Sunday, September 15, 2013

The changing face of architecture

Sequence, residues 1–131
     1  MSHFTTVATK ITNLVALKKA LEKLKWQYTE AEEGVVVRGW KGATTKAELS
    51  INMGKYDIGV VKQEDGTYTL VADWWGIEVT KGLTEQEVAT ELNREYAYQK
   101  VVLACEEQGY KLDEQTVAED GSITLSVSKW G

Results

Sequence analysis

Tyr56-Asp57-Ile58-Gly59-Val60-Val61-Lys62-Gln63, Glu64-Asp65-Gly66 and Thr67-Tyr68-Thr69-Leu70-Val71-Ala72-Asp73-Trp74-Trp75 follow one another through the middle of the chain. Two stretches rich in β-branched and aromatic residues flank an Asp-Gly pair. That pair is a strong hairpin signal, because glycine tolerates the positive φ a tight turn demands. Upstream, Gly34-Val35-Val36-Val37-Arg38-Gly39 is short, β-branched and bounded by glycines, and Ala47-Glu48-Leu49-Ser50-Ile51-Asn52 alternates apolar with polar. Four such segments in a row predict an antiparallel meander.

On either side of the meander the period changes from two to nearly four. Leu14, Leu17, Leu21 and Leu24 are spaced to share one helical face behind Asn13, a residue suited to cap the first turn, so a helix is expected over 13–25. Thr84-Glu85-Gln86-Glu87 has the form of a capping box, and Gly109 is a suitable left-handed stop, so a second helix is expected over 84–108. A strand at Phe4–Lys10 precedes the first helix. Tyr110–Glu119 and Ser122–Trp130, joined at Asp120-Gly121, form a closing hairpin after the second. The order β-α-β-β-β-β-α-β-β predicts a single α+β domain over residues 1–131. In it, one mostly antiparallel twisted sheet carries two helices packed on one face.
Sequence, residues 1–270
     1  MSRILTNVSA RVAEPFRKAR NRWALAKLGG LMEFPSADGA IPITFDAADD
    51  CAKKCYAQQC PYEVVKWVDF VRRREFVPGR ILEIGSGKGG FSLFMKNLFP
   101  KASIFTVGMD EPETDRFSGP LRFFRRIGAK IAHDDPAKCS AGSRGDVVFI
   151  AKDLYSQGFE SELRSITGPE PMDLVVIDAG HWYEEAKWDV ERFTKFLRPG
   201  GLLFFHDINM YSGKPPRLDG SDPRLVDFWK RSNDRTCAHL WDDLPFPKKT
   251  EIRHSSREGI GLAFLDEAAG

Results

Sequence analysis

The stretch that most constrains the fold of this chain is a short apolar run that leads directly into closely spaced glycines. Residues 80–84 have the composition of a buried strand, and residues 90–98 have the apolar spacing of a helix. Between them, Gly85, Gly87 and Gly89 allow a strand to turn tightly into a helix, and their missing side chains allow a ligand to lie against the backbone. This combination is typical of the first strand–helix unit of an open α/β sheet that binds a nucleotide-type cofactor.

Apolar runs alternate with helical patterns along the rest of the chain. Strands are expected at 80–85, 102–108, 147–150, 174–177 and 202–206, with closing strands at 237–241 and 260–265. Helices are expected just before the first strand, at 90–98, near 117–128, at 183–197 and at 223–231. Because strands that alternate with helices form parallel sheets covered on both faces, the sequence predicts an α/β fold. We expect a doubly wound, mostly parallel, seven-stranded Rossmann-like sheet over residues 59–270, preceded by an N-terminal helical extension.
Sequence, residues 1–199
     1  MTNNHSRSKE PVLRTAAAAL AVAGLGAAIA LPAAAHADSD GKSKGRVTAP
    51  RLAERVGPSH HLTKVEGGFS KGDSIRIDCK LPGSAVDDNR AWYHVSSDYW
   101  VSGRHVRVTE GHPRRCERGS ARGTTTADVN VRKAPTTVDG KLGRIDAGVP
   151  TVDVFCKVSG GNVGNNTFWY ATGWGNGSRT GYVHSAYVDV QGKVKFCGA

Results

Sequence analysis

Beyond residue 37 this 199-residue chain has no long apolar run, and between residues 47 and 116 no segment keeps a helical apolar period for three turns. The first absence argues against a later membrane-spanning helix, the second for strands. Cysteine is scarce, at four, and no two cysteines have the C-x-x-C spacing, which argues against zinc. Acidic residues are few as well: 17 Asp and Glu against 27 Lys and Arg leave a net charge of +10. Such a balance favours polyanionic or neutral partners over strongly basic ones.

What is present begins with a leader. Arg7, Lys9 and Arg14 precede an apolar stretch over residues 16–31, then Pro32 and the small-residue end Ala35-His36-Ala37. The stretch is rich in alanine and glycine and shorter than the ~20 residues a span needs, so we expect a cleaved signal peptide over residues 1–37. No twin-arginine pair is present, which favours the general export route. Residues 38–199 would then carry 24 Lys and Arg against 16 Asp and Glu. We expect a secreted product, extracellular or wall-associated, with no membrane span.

Phoenix Wang, The stereotypes - all egos, round spectacles and black turtlenecks - reflect the statistics: while equal number of male and female grads leave architecture school, only 18 per cent of registered architects are women. And yet, this is slowly changing, in part from groups like non-profit Architecture+Women NZ, which aims to raise the visibility of women in architecture. What does this new face of New Zealand architecture look like? Three women at various stages of their architecture careers, working across commercial architecture, housing and interiors in full-time and part-time roles, show a new direction for the design industry. Phoenix Wang's projects include the Comvita and Glassons shop designs Phoenix Wang's projects include the Comvita and Glassons shop designs Architect Phoenix Wang works at Studio Gascoigne - an award-winning architecture firm specialising in retail and commercial interiors. You used to work on high-end houses, now you work on commercial and retail interiors. Has that been a big switch, or do the same design principles still apply? It has been a switch, they're two different mind-sets on the way you design and the time frame that you're given. When I worked on high-end residential I worked very closely with my clients. That way I was given an insight into the way they live and what their interests are. It's was very personal journey. With retail and commercial design, I'm often designing to create an impact, and a response from the end user. Do you have a favourite project? I think one of my favourite jobs so far would have to be a small interior villa alteration project I worked on a few years ago. The client gave us a simple brief and pretty much let us have free rein on the design front. They fully trusted us to create a design that is suitable for the house. It's a very freeing feeling and privileged position to be. Most of the time, clients can question and doubt what you've designed for them, and the end result can be a watered-down version of your original idea. What do people not understand about architecture that you wish they would? Architecture is a response to the surrounding environment and has a permanent impact to the context it is within. Each design decision we make and each detail we draw interlinks closely on how it affects the rest of the building, so when clients ask us to just quickly draw a few sketches, or make a small change, it requires a whole thought-process of weighing up the pros and cons, and will take more than just a couple of minutes to do. People can assume interiors are easier than architecture. Is this the case? I think people see interior design as more of a surface decoration that is added into the base building, and it is not as complex in terms of its design process as designing a building. I find interiors both interesting and challenging in the way so much of it is to do with human behaviour. Through carefully crafted spaces you can attract people to enter a space, you can influence what they will interact with, and what their attention will fall upon. By Nicola Stock 7:30 AM Thursday Sep 12, 2013 It's really fascinating.

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